Submitted to: Fuel
Publication Type: Peer reviewed journal
Publication Acceptance Date: 11/9/2001
Publication Date: N/A
Citation: Interpretive Summary: Currently lubricant manufacturers are increasingly using high saturate base oils due to their better oxidation and performance properties. This shift is primarily because of poor oxidative and disposal problems associated with high aromatic base oils. Now, the saturate molecules control most of the physical properties in these oils. Characterization methods previously developed for high aromatic base oils will be inadequate to address all the structural diversities of saturate rich base fluids. In this study, a methodology is established to understand the thermal behavior of the oils. These would be useful for the total characterization of any oil, including vegetable origin. This is more important when large scale efforts are made to produce lubricants and hydraulic fluid from vegetable oils. A good understanding of the thermal and deposit forming behavior along with other performance properties are necessary for any lubricant formulation. It has been observed that certain saturate structures can be used to correlate with physical and chemical properties of base fluids and subsequently in optimizing production of these oils in refineries. A knowledge of the thermal behavior of these oils in terms of their molecular structure would also help understand the oxidation behavior of vegetable oils and their performance in lubrication and hydraulic systems. The industry and manufacturers of vegetable oil based industrial fluids would also benefit from the structure based property and performance evaluation methodogy.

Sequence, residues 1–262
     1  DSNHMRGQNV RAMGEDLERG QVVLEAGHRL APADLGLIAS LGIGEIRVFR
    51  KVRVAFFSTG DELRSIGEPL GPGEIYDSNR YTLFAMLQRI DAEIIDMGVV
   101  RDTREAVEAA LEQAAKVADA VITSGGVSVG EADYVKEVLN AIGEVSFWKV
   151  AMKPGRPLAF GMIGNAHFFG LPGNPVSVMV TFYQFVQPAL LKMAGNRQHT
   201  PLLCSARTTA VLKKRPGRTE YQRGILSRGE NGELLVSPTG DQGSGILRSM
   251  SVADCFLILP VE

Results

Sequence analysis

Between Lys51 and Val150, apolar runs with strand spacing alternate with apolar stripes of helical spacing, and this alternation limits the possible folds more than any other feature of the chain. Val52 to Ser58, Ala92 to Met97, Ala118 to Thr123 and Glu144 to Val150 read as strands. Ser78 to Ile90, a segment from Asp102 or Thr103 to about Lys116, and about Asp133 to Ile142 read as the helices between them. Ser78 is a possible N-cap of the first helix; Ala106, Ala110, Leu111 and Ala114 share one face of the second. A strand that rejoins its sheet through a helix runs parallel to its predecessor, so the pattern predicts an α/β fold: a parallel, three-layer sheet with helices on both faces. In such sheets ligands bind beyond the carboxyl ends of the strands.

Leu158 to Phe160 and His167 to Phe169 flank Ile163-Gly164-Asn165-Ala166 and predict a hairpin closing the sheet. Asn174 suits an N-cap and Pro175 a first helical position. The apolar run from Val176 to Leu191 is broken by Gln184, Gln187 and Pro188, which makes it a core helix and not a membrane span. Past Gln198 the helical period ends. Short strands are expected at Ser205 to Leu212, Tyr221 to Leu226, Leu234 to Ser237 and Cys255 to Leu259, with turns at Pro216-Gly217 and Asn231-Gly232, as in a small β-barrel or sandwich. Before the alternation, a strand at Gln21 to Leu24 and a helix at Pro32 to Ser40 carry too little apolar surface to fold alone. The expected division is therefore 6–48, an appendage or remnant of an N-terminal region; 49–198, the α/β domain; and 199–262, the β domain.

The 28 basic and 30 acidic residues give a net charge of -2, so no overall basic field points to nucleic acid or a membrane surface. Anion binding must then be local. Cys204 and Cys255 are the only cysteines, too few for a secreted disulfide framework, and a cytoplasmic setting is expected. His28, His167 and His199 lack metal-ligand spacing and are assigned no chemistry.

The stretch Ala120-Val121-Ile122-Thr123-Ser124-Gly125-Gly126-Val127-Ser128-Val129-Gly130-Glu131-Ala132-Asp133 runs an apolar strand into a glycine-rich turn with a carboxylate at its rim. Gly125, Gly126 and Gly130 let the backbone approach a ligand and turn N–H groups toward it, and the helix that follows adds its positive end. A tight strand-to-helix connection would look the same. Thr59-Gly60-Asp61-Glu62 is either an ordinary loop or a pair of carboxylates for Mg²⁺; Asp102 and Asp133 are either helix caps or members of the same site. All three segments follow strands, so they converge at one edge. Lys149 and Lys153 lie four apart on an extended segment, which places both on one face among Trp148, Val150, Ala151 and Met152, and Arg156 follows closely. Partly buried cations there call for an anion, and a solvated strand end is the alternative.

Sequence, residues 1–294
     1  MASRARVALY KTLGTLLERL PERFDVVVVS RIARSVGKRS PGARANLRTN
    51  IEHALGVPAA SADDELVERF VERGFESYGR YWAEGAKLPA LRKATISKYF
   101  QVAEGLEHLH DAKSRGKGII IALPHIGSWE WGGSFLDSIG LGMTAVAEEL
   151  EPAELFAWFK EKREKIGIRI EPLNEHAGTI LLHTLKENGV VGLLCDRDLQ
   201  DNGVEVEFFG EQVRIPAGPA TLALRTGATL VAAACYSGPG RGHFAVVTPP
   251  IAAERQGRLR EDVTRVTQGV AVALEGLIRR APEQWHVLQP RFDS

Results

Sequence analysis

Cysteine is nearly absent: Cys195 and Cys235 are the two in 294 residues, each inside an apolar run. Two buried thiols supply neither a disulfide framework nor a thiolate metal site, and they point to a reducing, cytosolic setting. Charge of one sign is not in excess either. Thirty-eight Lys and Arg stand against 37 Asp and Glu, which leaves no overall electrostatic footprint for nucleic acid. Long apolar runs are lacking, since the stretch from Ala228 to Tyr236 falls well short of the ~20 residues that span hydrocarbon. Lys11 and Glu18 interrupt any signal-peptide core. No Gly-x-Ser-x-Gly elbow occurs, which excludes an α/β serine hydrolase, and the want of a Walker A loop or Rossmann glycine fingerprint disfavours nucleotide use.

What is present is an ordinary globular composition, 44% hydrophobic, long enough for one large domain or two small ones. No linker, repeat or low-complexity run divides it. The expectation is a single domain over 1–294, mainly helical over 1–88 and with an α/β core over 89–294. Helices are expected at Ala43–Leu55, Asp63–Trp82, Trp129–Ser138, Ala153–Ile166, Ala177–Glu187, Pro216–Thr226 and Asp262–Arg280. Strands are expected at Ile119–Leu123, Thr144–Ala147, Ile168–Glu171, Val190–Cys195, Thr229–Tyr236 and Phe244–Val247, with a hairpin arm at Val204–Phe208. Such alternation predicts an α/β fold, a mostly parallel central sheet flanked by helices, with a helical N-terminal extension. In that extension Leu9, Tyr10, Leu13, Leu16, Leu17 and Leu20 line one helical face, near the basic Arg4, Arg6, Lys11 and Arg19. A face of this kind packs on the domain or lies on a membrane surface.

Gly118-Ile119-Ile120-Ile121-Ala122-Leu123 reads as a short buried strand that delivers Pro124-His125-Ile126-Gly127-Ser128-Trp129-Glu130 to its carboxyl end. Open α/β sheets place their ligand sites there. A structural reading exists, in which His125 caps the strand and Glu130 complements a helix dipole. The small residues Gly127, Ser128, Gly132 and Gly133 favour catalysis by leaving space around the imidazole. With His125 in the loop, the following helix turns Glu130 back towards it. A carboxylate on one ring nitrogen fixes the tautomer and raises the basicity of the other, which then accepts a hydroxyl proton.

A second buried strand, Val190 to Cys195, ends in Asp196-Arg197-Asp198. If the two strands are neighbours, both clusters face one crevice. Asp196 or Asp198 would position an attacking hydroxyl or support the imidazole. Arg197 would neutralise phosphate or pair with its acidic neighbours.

Technical Abstract: Due to the increasing demand for high saturate (Gr II and III) base oils for use in specialty lubricant application, it is necessary to obtain a clear picture of the base oil molecular distribution. These oils are more stable to oxidation and exhibit superior performance based characteristics. As the aromatic content reaches a minimum value, the saturate molecules control most of the physical properties in these oils. Molecular structure based characterization developed for conventionally refined base oils will be inadequate to address all the structural diversities of these base fluids. In this study, results from different thermal analysis methods (thin film micro oxidation (TFMO) and pressure differential scanning calorimetry (PDSC) were explained in terms of the quantitative 13C NMR (inverse gated, CSE, GASPE) data. Correlations obtained between physical properties (e.g. viscosity), oxidation (evaporation, insoluble deposit) and structural data indicate the significance of base oil saturate hydrocarbons in influencing most of the performance properties.